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When addiction strikes a family, it often breaks up into a series of roles. These roles are typically similar to the family member’s past behaviors. These roles are many but the most common ones can be described in the following way: the person suffering from addiction, the enabler, the hero, the scapegoat, and the mascot. While not every family will be large enough to fill these roles or the many others, members do change roles at various times.
The person who is struggling with addiction is obviously the focus of the family unit in this circumstance. The role of everyone else will be reliant on the way they interact with this person.
When there is addiction in a family, the whole family is sick. Family is deeply involved in the struggle with addiction, which means it is very important for them to become involved in their own recovery. This is not just about supporting the individual overcoming the addiction, but about creating a healthy environment for themselves.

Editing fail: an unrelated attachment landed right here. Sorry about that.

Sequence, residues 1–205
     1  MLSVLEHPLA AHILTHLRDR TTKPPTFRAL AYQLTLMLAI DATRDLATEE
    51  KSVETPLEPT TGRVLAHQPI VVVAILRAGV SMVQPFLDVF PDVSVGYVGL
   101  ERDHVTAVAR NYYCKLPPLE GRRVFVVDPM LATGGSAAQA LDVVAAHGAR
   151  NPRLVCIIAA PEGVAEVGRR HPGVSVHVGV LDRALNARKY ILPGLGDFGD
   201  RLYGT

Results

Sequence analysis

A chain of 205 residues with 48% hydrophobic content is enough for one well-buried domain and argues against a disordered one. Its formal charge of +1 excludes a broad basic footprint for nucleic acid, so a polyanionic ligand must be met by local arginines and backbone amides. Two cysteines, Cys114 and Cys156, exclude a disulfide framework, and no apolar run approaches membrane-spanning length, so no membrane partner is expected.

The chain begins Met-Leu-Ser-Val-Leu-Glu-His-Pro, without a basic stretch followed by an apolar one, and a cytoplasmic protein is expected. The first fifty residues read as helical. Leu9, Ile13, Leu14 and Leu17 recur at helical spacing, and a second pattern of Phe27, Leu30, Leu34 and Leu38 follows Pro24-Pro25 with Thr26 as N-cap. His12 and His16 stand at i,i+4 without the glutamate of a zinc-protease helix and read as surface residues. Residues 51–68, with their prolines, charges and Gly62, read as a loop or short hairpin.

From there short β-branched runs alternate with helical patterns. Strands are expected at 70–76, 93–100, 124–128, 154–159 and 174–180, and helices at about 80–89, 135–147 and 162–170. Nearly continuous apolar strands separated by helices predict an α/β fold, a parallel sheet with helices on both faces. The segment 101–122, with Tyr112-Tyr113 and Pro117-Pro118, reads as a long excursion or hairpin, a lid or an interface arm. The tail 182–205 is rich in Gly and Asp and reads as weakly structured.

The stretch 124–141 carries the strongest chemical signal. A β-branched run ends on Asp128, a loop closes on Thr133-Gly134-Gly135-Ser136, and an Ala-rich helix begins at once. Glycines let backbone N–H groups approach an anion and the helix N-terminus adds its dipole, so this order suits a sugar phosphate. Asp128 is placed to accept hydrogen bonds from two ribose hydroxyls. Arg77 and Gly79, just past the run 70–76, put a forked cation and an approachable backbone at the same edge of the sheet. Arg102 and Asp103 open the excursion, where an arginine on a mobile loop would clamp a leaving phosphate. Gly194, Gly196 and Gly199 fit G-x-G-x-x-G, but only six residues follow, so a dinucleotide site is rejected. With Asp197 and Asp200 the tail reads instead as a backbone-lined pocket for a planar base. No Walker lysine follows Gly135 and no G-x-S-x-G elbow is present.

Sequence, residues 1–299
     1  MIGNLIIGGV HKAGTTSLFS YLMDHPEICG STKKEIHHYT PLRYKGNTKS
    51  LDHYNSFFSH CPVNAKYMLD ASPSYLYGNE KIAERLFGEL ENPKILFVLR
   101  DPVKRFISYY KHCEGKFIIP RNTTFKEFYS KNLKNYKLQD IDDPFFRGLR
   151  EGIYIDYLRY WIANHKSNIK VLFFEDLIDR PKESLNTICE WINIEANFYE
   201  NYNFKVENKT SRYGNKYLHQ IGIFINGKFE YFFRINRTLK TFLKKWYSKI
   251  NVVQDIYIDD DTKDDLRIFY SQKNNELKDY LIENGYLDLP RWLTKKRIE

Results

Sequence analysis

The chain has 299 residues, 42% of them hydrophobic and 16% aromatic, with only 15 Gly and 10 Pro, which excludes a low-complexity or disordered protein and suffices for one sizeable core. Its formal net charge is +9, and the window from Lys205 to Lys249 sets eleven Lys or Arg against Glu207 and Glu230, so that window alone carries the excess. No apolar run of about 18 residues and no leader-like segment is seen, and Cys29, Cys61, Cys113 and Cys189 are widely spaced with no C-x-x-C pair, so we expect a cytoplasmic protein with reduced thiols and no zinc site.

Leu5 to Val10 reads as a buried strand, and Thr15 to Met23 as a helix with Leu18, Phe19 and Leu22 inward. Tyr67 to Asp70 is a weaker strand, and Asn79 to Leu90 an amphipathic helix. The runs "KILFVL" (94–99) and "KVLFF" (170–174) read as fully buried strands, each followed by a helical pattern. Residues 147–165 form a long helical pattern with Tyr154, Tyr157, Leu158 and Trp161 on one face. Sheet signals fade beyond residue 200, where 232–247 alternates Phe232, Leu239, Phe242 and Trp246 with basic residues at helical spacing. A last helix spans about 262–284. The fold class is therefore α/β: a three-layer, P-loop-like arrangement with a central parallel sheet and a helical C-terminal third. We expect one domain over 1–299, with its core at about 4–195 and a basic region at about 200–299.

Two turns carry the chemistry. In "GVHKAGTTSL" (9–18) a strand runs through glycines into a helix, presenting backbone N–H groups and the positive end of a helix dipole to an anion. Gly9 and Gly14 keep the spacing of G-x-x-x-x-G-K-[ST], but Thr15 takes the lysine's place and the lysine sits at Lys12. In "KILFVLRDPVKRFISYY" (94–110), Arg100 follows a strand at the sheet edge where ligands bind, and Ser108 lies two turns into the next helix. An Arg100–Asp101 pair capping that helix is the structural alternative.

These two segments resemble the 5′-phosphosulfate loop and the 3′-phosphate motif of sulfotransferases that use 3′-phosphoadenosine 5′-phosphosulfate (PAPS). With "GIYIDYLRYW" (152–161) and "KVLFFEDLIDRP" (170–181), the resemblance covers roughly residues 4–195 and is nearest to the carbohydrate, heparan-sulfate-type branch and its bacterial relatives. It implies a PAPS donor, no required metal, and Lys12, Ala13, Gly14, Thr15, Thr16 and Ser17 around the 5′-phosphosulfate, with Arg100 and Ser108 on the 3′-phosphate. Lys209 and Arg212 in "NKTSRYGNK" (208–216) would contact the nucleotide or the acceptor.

What came first to mind?
When you first came in, how did you see your disease affect your family?
Do you see the hero, scapegoat, enabler in your family?
What do those labels mean to you?
Why do you think these people fell into these roles?
What was communication like with your family of origin when you were using?
How do you see recovery affecting your family of origin?
How does recovery affect your immediate family?
Exploring the past is important in recovery, why is this true for you?
How do secrets and denial keep a family sick?
Why are secrets and denial common in the alcoholic family?
Is there alcoholism in your family other than you?
Is there recovery in your family other than you?
Is your immediate family part of a recovery program?
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Mike from FLA